Cover

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Title Page, Copyright, Dedication

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Contents

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Figures and Tables

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pp. ix-x

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Acknowledgments

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pp. xi-xii

A project of this length is sustained by the guidance, friendship, and support of many people. While I am indebted to a multitude of friends, colleagues, mentors, and institutional staff, any faults of this work are my own....

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Introduction

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pp. 1-13

This work is a study of war opposition, an ‘‘inner civil war,’’ in the Pennsylvania Appalachians. It pursues the basic question why some rural northerners opposed the Civil War even to the point of violence. In its conception, it combines a regional study of the northern mountains with an examination into...

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1. The Lumber Region as Pennsylvania’s Appalachia

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pp. 14-27

In 1846, the prolific German travel writer Franz Von Loher observed how the Pennsylvania wilderness had shaped the character of mountain dwellers. Riding his horse into the Allegheny Mountains, he was soon overcome with ‘‘a deep sylvan desolation.’’ ‘‘Such thick...

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2. Patterns of Protest:The Raftsmen’s Rebellionof 1857

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pp. 28-43

The wartime opposition in mountain communities fit recurrent patterns of social protest evident in the antebellum period. At the root of protest lay social and economic changes imperiling their society. The development of industrial lumbering signaled a transition toward a fuller market economy. Large-scale lumbering began...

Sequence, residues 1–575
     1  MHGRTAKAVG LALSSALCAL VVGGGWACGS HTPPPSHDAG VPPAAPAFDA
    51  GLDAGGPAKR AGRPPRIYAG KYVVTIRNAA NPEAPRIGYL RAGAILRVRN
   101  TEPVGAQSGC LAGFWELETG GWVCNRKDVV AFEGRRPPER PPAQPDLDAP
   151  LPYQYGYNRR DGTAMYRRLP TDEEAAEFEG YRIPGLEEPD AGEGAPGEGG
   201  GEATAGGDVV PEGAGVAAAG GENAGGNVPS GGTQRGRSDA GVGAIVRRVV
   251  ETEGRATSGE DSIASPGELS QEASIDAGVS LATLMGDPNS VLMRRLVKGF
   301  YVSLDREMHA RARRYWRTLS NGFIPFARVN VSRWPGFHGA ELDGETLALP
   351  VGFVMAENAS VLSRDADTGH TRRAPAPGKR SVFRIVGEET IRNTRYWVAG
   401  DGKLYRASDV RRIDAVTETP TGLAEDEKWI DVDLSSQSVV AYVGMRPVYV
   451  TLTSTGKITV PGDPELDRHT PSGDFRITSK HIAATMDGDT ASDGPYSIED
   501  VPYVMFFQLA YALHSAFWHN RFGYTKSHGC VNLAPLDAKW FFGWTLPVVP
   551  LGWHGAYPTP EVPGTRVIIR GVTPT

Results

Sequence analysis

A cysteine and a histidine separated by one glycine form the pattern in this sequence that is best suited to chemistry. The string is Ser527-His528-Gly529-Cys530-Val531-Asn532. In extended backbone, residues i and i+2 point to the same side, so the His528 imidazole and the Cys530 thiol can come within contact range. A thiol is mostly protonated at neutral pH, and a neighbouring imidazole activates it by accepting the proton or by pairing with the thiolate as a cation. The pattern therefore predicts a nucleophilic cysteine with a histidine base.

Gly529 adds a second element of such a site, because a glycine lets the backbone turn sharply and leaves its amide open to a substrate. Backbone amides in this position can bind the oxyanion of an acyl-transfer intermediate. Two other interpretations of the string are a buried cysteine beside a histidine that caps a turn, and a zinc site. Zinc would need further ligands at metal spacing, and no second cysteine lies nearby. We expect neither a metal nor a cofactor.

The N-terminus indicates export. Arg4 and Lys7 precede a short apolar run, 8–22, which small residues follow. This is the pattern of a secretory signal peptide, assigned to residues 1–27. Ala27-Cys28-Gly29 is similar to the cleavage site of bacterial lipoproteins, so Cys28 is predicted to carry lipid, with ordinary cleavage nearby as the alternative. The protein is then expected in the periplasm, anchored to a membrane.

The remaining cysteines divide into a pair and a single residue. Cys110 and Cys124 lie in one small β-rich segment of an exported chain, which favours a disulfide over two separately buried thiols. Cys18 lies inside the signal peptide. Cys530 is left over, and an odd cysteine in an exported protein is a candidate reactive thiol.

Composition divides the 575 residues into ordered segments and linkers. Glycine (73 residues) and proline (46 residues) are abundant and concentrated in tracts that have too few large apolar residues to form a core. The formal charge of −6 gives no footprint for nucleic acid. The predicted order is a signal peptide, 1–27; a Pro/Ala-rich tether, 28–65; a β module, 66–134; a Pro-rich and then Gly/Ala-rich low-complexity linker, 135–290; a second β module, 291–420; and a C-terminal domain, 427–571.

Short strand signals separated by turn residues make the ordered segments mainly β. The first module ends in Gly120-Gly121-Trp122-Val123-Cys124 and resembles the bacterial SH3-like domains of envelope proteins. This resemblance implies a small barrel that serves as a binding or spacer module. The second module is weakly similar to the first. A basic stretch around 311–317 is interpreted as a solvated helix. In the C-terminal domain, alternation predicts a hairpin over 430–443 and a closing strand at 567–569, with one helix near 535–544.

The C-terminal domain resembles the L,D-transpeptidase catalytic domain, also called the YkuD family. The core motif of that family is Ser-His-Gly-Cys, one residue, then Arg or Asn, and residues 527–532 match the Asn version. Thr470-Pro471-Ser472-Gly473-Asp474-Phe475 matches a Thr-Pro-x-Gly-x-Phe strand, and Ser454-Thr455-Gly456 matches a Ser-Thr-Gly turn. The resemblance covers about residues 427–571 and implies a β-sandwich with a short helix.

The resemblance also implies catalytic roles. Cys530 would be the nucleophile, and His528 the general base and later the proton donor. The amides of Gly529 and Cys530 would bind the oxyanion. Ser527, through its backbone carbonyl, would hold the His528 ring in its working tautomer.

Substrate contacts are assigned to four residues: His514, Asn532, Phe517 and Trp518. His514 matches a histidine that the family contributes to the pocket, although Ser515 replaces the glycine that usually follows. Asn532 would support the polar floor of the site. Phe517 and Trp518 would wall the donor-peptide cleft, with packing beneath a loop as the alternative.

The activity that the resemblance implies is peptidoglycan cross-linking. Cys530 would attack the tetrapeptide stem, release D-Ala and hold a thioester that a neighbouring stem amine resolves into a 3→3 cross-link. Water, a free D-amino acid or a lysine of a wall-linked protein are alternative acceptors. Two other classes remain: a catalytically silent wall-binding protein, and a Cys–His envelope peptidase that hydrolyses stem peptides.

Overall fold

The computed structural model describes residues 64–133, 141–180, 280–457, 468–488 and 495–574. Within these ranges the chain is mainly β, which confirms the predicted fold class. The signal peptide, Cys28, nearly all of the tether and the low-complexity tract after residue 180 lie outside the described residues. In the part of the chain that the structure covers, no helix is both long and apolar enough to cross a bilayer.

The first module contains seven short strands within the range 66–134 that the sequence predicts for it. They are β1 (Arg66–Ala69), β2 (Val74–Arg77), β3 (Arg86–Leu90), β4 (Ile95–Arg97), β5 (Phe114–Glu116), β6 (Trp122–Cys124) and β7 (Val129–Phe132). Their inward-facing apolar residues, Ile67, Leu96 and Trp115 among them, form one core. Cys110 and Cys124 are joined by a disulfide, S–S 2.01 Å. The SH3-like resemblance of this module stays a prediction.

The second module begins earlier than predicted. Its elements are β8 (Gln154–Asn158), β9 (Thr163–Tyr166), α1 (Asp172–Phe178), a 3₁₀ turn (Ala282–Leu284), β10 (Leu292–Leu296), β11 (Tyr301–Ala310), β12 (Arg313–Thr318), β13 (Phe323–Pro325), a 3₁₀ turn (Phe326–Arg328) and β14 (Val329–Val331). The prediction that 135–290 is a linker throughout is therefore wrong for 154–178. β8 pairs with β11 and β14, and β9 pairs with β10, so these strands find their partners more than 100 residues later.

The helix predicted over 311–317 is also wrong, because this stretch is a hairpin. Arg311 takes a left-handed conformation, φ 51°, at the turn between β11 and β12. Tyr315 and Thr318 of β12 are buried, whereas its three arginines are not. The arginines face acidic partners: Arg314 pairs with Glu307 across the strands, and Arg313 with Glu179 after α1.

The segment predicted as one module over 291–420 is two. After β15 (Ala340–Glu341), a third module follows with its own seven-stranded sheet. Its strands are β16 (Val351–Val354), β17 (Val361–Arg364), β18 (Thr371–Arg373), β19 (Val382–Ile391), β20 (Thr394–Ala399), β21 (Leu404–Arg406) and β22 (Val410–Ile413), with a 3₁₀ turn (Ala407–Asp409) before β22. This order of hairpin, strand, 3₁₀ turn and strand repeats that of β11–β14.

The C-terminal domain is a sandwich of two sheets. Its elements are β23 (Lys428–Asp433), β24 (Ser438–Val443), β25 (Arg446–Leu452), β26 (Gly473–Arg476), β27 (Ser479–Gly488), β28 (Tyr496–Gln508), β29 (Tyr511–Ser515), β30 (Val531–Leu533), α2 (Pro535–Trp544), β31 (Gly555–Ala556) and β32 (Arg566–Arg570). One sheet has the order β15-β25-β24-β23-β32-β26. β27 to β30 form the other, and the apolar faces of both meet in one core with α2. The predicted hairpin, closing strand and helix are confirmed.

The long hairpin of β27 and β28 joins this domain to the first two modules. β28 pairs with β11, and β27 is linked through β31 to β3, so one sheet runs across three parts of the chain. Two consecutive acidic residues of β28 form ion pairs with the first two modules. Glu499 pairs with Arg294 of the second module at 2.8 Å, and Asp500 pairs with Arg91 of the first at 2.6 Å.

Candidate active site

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3. The Limits of Patriotism: Early Mobilization in the Mountains

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pp. 44-60

In July 1862, during the second summer of the war, a lone recruiting officer made his way to the scattered settlements of northern Jefferson County in search of fresh soldiers. The situation was a marked contrast to the previous year, when recruiting had...

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4. The Rhetoric of Loyalty:Partisan Perspectiveson Treason

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pp. 61-98

In May 1863, the Republican newspaper of Clearfield carried a didactic episode copied from the Hollidaysburg Whig. The author intended the brief piece to illustrate the meaning of loyalty and treason for citizens of a nation torn by fratricidal conflict. The story was likely the product of the editor’s imagination, as an object lesson...

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5. Everyday Resistance in Pennsylvania’s Deserter Country

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pp. 99-116

On November 19, 1863, Colonel Hugh S. Campbell, the provost marshal for the western half of the lumber region, opened a dismaying letter from his deputy, Captain John S. McKiernan. The week before, Mc- Kiernan rode his horse into the Clearfield countryside, carrying a revolver in his pocket and a list of deserters to...

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6. ‘‘Collisions with the People’’: Federal Intervention in Deserter Country

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pp. 117-138

Since its enactment, the conscription policy was the primary cause for resistance throughout the North. While spread across the free states, draft resistance became concentrated in pockets of ‘‘deserter country,’’ most acute in the ‘‘butternut’’ region of the lower-Midwest, Wisconsin, and the mountains of...

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Epilogue: Contested Memories of the Civil War

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p. 139

In the national memory, the Civil War appears permanently fixed as a noble war that preserved the nation and ended the scourge of slavery. Most Americans today imagine the war as a tragic yet romantic conflict, fought in simpler times by fellow Americans engaged in admirable causes. The foundation of this contemporary image emerged...

Appendix: Supplemental Figures

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pp. 147-178

Notes

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pp. 179-218

Bibliography

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pp. 219-229

Index

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pp. 231-234